A Chilliwack prolific offender caught with a loaded handgun in his backpack last spring was sentenced to 2.5 years jail in BC Supreme Court on Wednesday.
Shaun Fitzgerald was detained by police on June 15, 2018 while on a motorcycle wearing a backpack within which was a loaded .22-calibre handgun, plastic brass knuckles along with a magazine containing more ammunition.
The court heart the motorcycle he was on had belonged to his ex-girlfriend Stanny Carr, a woman who was paralyzed by a gunshot two month after Fitzgerald’s arrest on Aug. 8, 2018. Carr died in hospital on March 26, 2019, and the RCMP’s Integrated Homicide Investigation Team (IHIT) is now on that case.
When Fitzgerald was detained by police and his backpack was going to be searched, he told the officer it contained a handgun, something Justice Margot Fleming agreed constituted a mitigating factor in sentencing.
Fitzgerald was arrested after a call to police by a new girlfriend. He was originally charged with five counts: possession of a loaded prohibited/restricted firearm with ammunition; possession of a firearm without licence or registration; uttering threats; pointing a firearm; and storage of a firearm contrary to regulation.
He pleaded guilty to the possession with ammunition charge and the illegal storage.
Crown counsel Anna Tosso asked for 3.5 years jail for the more serious firearms offence and two years to run concurrent for the improper firearm storage.
Defence lawyer Darrel Schultz suggested two years less a day was suitable followed by three years probation.
Justice Fleming split the difference opting for 2.5 years jail, which, because of time already served, made it able to tack on the three years probation. Probation orders are not available to federal sentences over two years, but because he’s been in custody for 370 days already, it was available and asked for by defence to help with rehabilitation in the community.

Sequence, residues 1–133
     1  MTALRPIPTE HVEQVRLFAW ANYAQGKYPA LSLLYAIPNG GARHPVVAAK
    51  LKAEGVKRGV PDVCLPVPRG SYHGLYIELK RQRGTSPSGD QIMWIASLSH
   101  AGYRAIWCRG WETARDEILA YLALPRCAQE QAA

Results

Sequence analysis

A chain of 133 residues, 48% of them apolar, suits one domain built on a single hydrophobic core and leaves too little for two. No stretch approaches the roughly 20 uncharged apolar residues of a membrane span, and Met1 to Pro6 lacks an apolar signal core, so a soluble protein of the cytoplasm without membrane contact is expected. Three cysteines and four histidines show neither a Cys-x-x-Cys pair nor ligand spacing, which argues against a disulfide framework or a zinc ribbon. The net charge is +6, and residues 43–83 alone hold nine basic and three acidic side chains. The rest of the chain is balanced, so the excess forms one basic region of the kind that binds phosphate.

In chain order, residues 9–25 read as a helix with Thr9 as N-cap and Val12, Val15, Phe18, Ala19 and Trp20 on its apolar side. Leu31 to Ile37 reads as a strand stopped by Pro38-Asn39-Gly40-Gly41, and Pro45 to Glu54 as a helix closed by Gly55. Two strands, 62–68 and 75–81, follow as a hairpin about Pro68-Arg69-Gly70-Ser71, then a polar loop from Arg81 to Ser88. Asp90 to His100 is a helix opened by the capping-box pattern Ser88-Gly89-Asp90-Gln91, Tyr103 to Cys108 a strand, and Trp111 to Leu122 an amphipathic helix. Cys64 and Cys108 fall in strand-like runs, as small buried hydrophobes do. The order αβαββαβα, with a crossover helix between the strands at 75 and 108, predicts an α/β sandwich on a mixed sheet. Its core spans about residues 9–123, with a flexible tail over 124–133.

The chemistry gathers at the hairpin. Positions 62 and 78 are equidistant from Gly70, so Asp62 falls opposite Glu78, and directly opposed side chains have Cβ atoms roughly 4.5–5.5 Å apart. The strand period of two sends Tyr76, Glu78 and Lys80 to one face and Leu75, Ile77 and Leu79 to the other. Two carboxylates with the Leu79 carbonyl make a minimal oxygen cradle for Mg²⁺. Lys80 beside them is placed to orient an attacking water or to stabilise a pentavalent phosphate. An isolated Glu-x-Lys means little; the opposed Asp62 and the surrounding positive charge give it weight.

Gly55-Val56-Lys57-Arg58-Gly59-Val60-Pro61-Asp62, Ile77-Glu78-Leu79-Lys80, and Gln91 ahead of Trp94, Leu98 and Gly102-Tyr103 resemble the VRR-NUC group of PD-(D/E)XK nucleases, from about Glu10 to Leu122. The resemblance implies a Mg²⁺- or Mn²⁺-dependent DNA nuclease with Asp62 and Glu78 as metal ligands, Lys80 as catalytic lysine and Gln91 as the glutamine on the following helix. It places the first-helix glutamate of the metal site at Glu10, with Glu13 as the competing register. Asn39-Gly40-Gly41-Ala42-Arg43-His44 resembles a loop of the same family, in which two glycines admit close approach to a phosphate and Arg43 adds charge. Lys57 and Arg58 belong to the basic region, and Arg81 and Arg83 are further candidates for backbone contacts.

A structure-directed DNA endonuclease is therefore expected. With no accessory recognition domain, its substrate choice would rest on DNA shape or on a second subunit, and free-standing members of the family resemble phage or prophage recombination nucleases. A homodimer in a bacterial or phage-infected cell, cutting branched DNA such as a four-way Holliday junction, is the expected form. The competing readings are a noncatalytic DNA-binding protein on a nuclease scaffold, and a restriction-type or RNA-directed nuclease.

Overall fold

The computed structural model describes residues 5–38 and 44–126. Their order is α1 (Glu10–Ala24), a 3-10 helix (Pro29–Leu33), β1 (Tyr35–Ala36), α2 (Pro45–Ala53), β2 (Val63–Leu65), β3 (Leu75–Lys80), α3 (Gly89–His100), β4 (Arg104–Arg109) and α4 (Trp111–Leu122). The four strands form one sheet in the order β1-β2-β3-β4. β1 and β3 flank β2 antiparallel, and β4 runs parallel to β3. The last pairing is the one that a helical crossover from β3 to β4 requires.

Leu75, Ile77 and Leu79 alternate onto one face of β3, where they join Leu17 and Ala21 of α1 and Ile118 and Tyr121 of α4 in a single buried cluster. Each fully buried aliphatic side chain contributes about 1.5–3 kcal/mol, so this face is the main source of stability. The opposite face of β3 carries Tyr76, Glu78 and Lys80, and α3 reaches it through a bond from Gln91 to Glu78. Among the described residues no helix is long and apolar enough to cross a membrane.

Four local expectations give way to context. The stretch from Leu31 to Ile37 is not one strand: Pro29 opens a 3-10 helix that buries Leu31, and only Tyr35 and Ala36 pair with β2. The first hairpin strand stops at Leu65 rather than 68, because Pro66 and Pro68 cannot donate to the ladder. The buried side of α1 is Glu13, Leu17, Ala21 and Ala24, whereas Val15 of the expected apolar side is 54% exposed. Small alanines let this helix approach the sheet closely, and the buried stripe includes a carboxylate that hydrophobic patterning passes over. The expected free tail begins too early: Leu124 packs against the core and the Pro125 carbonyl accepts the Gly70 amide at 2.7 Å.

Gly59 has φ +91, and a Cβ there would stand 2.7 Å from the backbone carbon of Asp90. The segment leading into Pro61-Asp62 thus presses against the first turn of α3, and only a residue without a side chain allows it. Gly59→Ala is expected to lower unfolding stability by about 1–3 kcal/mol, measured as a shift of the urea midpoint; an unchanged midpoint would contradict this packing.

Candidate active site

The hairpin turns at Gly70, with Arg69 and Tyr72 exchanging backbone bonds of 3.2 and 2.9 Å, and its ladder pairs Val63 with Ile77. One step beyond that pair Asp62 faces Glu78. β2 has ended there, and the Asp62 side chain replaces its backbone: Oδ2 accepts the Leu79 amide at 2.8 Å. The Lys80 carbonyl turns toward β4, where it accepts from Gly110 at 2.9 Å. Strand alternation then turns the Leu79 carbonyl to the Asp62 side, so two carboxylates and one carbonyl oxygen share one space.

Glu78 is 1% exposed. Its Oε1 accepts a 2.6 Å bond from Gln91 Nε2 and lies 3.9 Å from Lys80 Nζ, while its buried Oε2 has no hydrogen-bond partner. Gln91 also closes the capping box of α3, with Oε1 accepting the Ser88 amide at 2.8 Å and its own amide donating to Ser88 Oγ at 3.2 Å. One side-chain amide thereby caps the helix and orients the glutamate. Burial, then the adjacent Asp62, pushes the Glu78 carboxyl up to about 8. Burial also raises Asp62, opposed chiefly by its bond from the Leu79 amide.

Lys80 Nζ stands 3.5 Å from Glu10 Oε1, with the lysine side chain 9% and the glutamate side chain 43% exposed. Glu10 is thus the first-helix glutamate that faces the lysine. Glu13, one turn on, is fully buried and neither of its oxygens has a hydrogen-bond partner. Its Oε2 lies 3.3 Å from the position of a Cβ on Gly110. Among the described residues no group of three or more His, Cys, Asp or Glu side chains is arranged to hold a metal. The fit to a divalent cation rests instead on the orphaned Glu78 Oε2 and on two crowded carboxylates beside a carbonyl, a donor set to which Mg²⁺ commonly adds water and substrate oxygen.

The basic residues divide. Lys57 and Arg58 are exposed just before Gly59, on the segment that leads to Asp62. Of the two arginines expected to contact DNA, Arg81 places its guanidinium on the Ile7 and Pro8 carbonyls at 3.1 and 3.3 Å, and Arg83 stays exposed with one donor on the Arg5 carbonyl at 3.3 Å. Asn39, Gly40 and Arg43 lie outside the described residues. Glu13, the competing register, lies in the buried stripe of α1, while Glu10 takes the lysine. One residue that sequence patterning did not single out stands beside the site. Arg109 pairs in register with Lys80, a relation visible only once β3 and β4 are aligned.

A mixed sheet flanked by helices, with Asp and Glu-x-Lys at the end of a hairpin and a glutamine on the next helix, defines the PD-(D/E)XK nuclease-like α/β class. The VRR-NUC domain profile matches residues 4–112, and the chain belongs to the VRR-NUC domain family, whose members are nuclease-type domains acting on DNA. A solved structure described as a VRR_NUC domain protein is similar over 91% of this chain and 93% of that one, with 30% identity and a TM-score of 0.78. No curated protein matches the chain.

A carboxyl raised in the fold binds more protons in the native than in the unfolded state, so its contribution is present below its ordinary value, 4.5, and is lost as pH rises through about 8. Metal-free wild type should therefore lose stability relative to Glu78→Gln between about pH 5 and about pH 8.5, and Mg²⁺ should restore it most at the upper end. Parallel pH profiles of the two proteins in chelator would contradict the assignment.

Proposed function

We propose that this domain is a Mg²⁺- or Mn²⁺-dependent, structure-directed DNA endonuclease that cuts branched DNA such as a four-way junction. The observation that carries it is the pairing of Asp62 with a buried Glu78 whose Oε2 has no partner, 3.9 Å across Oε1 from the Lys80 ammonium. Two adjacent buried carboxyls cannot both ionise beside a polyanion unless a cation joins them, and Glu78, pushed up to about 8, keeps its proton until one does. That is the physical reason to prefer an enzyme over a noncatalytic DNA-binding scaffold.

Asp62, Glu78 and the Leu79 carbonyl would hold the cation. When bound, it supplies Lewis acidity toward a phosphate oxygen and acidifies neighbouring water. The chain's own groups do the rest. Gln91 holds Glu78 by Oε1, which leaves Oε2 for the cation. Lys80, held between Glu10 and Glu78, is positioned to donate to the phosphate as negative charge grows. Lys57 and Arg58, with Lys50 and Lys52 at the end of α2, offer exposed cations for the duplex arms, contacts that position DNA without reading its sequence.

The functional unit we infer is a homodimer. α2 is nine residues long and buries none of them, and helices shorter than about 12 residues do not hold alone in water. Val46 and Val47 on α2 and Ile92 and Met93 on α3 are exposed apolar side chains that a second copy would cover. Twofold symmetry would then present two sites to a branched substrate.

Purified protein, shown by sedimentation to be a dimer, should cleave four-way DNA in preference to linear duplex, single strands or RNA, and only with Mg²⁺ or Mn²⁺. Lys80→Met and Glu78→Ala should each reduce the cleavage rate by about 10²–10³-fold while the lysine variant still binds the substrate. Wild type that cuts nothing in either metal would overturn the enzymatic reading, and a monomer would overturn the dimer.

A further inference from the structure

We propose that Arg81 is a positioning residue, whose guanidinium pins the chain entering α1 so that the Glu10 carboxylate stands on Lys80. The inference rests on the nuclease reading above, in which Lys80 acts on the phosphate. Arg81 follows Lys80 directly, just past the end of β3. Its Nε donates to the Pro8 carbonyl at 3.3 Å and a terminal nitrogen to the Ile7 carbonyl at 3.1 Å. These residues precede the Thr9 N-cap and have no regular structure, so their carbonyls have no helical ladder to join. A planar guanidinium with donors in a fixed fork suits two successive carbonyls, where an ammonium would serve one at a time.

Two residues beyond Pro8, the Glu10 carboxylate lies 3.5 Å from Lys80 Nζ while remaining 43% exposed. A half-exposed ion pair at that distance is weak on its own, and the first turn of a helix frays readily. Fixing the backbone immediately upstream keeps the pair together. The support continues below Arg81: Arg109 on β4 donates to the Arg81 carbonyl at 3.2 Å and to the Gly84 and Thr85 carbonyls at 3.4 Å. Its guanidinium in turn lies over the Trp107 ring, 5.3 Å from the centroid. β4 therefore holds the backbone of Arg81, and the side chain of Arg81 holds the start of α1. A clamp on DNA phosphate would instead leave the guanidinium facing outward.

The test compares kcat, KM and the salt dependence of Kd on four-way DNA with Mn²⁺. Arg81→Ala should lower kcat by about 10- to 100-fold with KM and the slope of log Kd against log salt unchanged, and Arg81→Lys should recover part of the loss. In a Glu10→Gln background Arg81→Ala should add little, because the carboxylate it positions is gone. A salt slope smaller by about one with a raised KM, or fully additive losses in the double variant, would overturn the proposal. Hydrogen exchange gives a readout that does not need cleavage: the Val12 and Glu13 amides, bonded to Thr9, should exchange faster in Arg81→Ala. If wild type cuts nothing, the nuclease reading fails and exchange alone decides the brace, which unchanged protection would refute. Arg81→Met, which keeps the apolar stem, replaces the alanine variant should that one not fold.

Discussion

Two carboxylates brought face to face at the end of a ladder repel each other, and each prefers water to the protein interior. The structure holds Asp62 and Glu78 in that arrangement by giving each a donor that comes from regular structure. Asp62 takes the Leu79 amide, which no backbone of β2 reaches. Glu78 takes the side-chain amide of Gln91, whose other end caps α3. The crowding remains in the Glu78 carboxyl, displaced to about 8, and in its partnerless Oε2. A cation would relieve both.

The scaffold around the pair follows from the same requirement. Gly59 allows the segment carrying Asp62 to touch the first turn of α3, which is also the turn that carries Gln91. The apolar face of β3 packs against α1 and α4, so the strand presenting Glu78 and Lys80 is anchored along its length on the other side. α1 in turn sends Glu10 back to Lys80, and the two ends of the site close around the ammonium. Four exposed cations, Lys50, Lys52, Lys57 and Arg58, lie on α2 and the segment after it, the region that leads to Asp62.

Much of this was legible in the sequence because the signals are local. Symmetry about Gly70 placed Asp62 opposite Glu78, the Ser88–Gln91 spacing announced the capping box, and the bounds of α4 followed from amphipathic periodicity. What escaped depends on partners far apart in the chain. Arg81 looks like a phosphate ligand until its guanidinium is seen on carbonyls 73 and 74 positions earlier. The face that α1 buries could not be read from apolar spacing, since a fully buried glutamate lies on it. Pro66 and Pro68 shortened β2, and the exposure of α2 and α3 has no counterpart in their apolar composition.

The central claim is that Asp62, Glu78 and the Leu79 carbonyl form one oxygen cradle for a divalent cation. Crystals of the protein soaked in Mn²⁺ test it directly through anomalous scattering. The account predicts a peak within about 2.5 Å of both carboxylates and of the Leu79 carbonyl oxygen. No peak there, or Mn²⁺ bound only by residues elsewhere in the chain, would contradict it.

Because of the 370 days served, he was given credit for 555 days at the normal 1.5-to-one credit leaving 345 days in custody.
In sentencing the 38-year-old, Justice Fleming outlined his personal history, which involved a troubling upbringing with an alcoholic birth father, followed by mental and physical abuse by a stepfather. He has been addicted to crack cocaine for most of his life, suffers from ADHD, depression, and post traumatic stress disorder (PTSD) due to a prison riot while he was serving a federal sentence for an arson in 2007.
Fitzgerald also identifies as Métis, something that is considered a mitigating factor as a result of the Gladue decision. Fleming addressed the Gladue principles, pointing to the childhood trauma many Indigenous people suffer due to the “intergenerational trauma of the truly awful legacy of the residential schools system and colonialism.”
As an aggravating factor the judge pointed to his long criminal record of 45 convictions as an adult and 18 as a youth, and to the obvious danger of carrying a loaded firearm in a backpack on a motorcycle in a residential neighbourhood.
“It is extremely dangerous behaviour,” Fleming said.
As Crown asked for a series of ancillary probation orders, Fitzgerald, who appeared via video link, expressed some disagreement with the BC Supreme Court judge.
“It’s a little excessive,” he said regarding some of the ancillary probation orders requested by Crown, including that he provide his probation officer with a list of people with whom he is living upon release.
“I’m not going to make this easy for you,” Justice Fleming responded. “I see you shaking your head. I want you to listen. It’s very clear from the evidence I received that one of your main triggers is associating with the wrong people. So I want you to be held accountable.”
The judge did accept Fitzgerald’s commitment to recovery, pointing to his accomplishments while in custody, which include graduating Grade 12 and completing a number of institutional programs.